York also has a historic connection to the Vikings following an invasion by Ivar the Boneless in 866 or thereabouts. There are a number of explanations as to his odd moniker. One is that he may have had a genetic condition which resulted in recurrent joint dislocations. Another is that it was simply a euphemism for impotence. None of this seems to have slowed down some serious burning and pillaging, although the raping may have suffered. Needless to say, there are shops selling Viking souvenirs and t-shirts. I was rather hoping to get myself a proper Viking hat with horns, but without success.
The Viking legacy has led to many unusual street names in York. We have High and Low Petergate, Swinegate and Stonegate. Even a Whip-ma-Whop-ma-Gate. These are derived from a Scandinavian word gate, simply meaning street. Just to confuse everybody, the historic gateways to the city are called ‘Bars’. Walmgate Bar, Monk Bar, Micklegate Bar and Bootham Bar guard the city walls. A number of street names were changed in Victorian time to avoid upsetting those of delicate sensibilities. Grope Lane was once the heart of York’s red-light district but became Grape Lane. Mucky Peg Lane, which led to the red-light district in now Finkle Street. Even Beggergate became Nunnery Lane.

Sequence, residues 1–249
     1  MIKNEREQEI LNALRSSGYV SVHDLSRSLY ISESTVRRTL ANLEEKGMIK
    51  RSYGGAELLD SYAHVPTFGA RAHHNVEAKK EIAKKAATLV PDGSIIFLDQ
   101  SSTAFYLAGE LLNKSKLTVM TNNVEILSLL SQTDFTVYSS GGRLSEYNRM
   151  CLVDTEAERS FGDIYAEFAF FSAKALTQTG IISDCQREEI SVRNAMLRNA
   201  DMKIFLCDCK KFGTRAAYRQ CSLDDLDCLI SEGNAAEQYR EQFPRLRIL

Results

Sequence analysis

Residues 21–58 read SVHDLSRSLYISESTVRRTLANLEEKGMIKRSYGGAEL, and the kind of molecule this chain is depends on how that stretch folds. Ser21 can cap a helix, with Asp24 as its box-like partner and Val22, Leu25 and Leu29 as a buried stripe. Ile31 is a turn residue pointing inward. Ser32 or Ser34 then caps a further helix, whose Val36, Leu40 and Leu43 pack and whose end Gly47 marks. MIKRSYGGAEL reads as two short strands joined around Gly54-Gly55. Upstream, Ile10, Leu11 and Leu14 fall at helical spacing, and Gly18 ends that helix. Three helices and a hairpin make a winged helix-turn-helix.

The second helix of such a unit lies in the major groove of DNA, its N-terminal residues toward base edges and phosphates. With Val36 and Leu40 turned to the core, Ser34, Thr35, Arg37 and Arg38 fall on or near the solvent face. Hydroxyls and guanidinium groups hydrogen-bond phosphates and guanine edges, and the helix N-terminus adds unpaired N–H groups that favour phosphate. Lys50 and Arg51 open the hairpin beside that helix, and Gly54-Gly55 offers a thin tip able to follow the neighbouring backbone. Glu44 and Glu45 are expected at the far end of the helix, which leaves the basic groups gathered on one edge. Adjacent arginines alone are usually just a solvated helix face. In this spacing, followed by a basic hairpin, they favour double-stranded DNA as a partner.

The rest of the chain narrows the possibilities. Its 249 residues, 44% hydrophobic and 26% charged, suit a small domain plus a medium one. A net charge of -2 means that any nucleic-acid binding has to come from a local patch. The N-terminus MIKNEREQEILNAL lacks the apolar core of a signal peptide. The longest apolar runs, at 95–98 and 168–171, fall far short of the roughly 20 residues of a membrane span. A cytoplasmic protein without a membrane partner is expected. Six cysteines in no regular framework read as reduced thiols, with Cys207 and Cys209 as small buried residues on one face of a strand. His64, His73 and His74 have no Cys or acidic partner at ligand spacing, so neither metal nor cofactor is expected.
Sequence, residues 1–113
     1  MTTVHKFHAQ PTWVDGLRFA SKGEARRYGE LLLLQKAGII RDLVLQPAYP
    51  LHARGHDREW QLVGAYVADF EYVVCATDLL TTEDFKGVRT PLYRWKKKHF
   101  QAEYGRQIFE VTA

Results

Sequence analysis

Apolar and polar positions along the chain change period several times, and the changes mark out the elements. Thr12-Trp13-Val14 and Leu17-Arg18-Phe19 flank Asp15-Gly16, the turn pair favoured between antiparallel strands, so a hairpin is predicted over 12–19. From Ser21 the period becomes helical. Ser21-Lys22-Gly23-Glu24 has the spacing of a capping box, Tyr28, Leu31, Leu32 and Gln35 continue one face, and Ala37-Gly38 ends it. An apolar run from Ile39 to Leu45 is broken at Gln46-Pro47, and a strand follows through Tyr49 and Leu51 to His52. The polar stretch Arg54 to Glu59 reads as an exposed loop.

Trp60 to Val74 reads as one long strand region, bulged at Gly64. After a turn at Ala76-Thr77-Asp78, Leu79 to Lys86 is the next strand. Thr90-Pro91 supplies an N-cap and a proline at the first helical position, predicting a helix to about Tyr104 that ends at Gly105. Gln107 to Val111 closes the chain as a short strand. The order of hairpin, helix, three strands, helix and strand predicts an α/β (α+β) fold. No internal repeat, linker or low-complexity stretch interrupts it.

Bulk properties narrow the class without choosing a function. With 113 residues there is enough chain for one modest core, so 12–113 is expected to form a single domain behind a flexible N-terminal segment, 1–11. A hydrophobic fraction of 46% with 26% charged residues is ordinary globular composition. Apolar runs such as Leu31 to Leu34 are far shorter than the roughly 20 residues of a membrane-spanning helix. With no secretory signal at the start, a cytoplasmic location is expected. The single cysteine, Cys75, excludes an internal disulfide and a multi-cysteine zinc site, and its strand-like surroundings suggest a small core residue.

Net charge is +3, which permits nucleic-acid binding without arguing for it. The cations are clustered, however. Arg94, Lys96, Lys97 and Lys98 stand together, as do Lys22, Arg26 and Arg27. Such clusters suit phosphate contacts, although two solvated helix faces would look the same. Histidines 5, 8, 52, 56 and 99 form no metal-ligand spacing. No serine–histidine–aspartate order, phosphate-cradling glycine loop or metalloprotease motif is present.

The shops were starting to close and, it being a reasonable hour to start drinking, we popped into a pub in the main square, fortuitously just as it decided to start raining. Not just a shower but a gulley-washing downpour. The packed square emptied within seconds. A river formed down the centre of the road. Lakes formed in the gutters. The drains gurgled and bubbled and overflowed. I watched the rain cascade from the rooftops and said to myself ‘That will melt the permafrost.’